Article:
Limit the Strength of Amygdala Activation
Are you wearing a watch? If you do I bet it is round-faced. If you don’t, just look around and the first watch you’ll see is very likely to be round-faced. It’s not that squared-faced watches don’t exist, they do. But they are far less popular.
Most of us have the tendency to favour curved objects over objects with sharp edges or points. This phenomenon is called ‘contour bias’ and it is present everywhere without us noticing – like the watch example. Research has shown that when we look at objects with sharp angles, a specific region in the brain gets activated. This region, the amygdala (also called the lizard brain), is involved in fear processing. It is the most primitive region of our brain and unconsciously processes sharp objects as a potential threat. Moreover, the degree of angularity of the object is direct related with the degree of amygdala activation and inversely related with the preference of the object.
But there is a catch. This phenomenon is only relevant for emotional neutral objects. You can imagine that an axe has already many negative associations and a teddy bear many positive ones. These pre-existing associations will act as confounding biases. However, for neutral objects, the contour bias can act in our advantage and is a relevant influencer of the overall perception of the design.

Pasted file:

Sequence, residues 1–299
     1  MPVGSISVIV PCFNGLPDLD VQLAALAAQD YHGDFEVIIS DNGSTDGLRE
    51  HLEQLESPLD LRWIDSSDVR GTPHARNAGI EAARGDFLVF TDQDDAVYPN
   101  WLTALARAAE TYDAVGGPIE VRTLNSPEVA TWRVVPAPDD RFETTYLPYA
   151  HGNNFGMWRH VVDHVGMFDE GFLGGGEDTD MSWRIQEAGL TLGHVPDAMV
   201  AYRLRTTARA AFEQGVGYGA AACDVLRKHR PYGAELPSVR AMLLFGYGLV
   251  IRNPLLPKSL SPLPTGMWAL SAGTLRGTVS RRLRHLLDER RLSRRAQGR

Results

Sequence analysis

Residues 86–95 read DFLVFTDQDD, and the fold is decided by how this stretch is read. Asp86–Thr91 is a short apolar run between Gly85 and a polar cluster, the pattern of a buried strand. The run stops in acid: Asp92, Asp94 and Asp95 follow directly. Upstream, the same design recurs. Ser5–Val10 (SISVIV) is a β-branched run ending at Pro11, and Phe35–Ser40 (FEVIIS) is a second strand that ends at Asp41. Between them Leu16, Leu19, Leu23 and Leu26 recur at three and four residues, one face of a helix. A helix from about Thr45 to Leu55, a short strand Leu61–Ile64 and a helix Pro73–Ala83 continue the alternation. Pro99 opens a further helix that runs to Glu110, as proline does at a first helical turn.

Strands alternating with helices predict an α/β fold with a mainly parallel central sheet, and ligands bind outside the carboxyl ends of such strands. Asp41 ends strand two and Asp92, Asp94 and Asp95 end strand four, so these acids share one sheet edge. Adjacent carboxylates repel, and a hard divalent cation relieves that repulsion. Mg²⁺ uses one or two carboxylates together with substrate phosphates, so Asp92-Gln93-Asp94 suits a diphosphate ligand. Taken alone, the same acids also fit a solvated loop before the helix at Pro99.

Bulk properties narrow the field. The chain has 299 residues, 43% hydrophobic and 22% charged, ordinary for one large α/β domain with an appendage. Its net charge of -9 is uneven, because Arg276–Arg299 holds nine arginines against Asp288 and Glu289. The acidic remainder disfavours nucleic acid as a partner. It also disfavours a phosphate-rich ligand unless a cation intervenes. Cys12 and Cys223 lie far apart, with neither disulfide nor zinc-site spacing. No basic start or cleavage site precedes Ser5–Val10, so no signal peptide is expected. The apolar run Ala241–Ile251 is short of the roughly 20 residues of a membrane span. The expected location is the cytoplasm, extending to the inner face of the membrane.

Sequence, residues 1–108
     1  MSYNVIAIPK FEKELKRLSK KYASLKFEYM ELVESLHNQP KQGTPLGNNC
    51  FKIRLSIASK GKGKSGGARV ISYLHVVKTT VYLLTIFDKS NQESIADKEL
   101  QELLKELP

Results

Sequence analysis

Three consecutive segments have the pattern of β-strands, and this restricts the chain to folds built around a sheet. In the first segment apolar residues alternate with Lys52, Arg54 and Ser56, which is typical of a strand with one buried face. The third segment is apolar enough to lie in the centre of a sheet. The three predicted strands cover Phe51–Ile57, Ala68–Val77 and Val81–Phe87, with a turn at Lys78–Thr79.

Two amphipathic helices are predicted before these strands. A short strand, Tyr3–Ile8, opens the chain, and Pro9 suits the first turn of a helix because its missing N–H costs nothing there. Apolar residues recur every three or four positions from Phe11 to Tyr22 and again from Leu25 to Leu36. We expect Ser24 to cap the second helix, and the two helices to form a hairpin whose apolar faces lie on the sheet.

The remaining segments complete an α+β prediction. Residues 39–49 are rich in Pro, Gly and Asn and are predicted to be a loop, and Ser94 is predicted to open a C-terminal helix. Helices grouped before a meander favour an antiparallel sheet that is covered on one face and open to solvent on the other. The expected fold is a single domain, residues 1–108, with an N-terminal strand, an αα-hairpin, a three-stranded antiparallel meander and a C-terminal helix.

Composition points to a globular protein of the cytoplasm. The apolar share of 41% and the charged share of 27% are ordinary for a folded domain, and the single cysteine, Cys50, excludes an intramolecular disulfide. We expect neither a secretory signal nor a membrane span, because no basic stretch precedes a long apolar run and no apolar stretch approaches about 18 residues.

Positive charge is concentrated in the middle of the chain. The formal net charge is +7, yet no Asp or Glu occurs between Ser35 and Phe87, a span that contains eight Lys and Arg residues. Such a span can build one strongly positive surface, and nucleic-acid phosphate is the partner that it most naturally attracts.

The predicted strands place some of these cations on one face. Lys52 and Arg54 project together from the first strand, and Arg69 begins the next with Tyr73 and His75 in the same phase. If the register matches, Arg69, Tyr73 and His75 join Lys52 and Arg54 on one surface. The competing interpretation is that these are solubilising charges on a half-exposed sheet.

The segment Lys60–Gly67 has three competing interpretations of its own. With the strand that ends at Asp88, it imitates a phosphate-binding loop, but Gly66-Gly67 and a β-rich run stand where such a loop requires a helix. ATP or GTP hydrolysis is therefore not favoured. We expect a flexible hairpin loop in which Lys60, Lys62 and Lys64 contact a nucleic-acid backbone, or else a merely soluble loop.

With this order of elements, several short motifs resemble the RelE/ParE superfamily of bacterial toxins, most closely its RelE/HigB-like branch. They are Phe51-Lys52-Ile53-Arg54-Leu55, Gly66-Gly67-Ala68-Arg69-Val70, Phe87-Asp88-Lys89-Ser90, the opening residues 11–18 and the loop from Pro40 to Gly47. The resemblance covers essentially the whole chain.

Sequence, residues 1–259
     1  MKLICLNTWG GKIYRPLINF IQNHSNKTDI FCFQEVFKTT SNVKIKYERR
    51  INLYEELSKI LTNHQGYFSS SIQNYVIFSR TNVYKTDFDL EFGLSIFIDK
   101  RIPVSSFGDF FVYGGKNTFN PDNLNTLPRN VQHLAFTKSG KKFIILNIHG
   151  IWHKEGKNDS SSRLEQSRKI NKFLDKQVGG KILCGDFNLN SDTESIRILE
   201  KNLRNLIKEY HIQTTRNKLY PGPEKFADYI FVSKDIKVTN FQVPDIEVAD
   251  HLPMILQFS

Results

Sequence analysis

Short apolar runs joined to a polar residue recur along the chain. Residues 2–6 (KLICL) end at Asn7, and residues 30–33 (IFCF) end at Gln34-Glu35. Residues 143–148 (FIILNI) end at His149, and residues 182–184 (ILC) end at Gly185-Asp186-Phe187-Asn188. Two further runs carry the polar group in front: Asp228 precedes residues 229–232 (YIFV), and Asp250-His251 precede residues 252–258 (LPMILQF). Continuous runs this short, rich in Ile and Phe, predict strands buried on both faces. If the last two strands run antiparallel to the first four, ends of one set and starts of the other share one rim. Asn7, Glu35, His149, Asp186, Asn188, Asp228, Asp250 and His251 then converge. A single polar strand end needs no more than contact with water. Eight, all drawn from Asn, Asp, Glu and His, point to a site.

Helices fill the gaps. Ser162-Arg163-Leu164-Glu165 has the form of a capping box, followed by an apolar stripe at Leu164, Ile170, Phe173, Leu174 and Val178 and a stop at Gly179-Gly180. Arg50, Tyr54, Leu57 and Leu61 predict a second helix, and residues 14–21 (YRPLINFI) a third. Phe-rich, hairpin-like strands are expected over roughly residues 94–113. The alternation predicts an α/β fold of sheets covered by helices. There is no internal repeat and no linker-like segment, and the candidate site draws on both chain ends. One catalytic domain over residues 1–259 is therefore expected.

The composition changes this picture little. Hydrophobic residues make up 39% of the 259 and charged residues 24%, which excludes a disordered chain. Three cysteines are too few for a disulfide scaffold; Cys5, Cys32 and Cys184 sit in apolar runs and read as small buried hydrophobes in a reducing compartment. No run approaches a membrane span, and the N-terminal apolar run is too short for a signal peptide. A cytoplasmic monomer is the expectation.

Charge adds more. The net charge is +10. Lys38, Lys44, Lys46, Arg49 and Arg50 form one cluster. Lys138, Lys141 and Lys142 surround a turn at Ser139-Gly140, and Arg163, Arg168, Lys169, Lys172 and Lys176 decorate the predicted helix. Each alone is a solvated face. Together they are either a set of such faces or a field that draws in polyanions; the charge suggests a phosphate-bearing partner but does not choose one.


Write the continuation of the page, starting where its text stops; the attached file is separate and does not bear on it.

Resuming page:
You can immediately apply this knowledge in the design of scientific figures. Many of us use simple shapes to illustrate cellular pathways for example. Instead of using squares and triangles, try rounded boxes, circles and ovals. You would be surprised how much better your message gets across with this little tweak. The look and feel of your diagram will be perceived and associated with positive emotions.
Additionally, use sharp-edged shapes and pointy objects specifically to emphasise negative features, to attract attention and to provoke thought. When the amygdala gets activated the level of processing is much deeper and the activation stronger in comparison with the processing of rounded shapes.
You might have seen the launch of the apple watch last week. It is no coincidence that it has rounded corners. That’s on purpose. Rounded objects make a positive first impression. Make sure to do the same with your next figure for publication.
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